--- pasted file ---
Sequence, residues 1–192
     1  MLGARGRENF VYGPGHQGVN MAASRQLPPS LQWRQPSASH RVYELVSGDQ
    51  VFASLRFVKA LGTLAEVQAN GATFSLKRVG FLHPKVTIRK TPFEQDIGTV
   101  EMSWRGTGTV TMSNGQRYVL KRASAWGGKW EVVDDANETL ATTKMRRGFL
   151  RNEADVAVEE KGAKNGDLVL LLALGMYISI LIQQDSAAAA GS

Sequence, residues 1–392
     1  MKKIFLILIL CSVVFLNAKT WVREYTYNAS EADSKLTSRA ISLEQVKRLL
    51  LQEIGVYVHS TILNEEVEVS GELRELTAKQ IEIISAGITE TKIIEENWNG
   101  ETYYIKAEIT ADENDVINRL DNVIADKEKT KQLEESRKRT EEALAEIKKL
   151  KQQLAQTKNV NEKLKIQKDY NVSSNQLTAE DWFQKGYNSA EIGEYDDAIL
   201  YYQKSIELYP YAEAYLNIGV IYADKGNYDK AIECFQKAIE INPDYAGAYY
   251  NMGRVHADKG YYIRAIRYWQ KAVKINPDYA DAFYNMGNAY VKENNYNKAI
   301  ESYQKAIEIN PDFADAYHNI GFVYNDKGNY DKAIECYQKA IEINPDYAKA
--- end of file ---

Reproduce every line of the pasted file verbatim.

Sequence, residues 1–192
     1  MLGARGRENF VYGPGHQGVN MAASRQLPPS LQWRQPSASH RVYELVSGDQ
    51  VFASLRFVKA LGTLAEVQAN GATFSLKRVG FLHPKVTIRK TPFEQDIGTV
   101  EMSWRGTGTV TMSNGQRYVL KRASAWGGKW EVVDDANETL ATTKMRRGFL
   151  RNEADVAVEE KGAKNGDLVL LLALGMYISI LIQQDSAAAA GS

Sequence, residues 1–392
     1  MKKIFLILIL CSVVFLNAKT WVREYTYNAS EADSKLTSRA ISLEQVKRLL
    51  LQEIGVYVHS TILNEEVEVS GELRELTAKQ IEIISAGITE TKIIEENWNG
   101  ETYYIKAEIT ADENDVINRL DNVIADKEKT KQLEESRKRT EEALAEIKKL
   151  KQQLAQTKNV NEKLKIQKDY NVSSNQLTAE DWFQKGYNSA EIGEYDDAIL
   201  YYQKSIELYP YAEAYLNIGV IYADKGNYDK AIECFQKAIE INPDYAGAYY
   251  NMGRVHADKG YYIRAIRYWQ KAVKINPDYA DAFYNMGNAY VKENNYNKAI
   301  ESYQKAIEIN PDFADAYHNI GFVYNDKGNY DKAIECYQKA IEINPDYAKA